The commercial real estate market is likely to take an even bigger hit this year and may continue its decline into 2010 due to drastic job losses, even though the market has shown only moderate declines so far, says Grubb and Ellis, a real estate and investment firm.

Declines in commercial real estate often lag as much as six months behind the economy, and companies may not have had time to react to the shrinking labor market yet, the company said in a recent report.

At the end of 2008, U.S. office vacancy rates were 14.8%, but may hit 16.5% to 17% by the end of the year. By early next year it could surpass the high of 17.9% that was set in early 2004, Grubb and Ellis predicts.

The office construction pipeline contained 90 million square feet at year-end 2008, the lion's share of which will be delivered in 2009, according to Grubb and Ellis' Investment Opportunity Monitor. This combined with a projected 45 million square feet of negative absorption, including a big jump in sublease space, will push vacancy up by two percentage points by the end of 2009. Tenants will have greater negotiating leverage this year, the report continues, with concession packages becoming more generous as the year progresses. The growing inventory of sublease space will put downward pressure on asking rental rates for direct lease space, which are expected to decline in the range of 4% to 5% for both Class A and B space by year-end.

Washington, D.C., should be at the top of office investors' buy list, according to the report, because it will benefit from the credit crisis as the government expands to implement its economic recovery plan.

The other office markets in the top 10 are Portland, Ore.; Los Angeles; San Francisco; Austin, Texas; Dallas-Fort Worth; Houston; Raleigh-Durham, N.C.; Boston; and Oakland, Calif. The Texas markets offer strong population growth, while the others offer strong population growth as well as natural barriers to entry.

Meanwhile, the industrial space market should recover more quickly than the office market because its construction pipeline will thin out sooner, says Robert Bach, senior vice president and chief economist of Grubb & Ellis. Still the vacancy rate is expected to rise by 60 basis points and reach 9.4% by the end of the year, the report says.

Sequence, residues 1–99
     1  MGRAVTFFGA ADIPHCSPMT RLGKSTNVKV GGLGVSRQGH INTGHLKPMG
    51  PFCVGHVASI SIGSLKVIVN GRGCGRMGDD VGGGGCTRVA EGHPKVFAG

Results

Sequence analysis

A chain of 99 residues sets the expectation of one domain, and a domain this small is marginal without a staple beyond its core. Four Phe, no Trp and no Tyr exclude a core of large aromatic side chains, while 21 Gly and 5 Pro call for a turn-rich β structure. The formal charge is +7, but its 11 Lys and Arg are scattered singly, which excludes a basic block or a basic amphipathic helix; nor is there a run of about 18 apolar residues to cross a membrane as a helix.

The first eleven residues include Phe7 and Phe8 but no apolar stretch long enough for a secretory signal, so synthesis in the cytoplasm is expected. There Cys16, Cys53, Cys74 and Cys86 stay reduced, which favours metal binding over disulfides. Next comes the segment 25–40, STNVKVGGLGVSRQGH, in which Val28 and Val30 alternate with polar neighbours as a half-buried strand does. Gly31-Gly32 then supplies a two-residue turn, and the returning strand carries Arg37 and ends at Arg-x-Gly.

The multifamily market probably will see the smallest decline because some positive forces will mitigate the effect of negative ones. Apartments are seeing some new renters who have lost their homes to foreclosure, while landlords are able to maintain existing renters who are waiting for prices and mortgage rates to fall further, the report says. However, new graduates who can't find jobs are doubling up with a roommate or moving in with a relative to conserve cash. At the same time, the apartment market faces competition from an increasing supply of unsold condos and foreclosed homes returning to the market as rentals. The negative forces are expected to have a slight edge in 2009 resulting in slowly rising vacancies for the multi-housing market this year.  

Of the top 10 apartment markets in Grubb & Ellis' Investment Opportunity Monitor, seven are on the West Coast and three are on the East Coast. All offer barriers to entry, good economic prospects and high home prices. Los Angeles ranks first followed by San Francisco; Orange County and Oakland, Calif.; Washington D.C.; San Diego; New York City; San Jose, Calif.; Long Island, N.Y.; and Portland, Ore.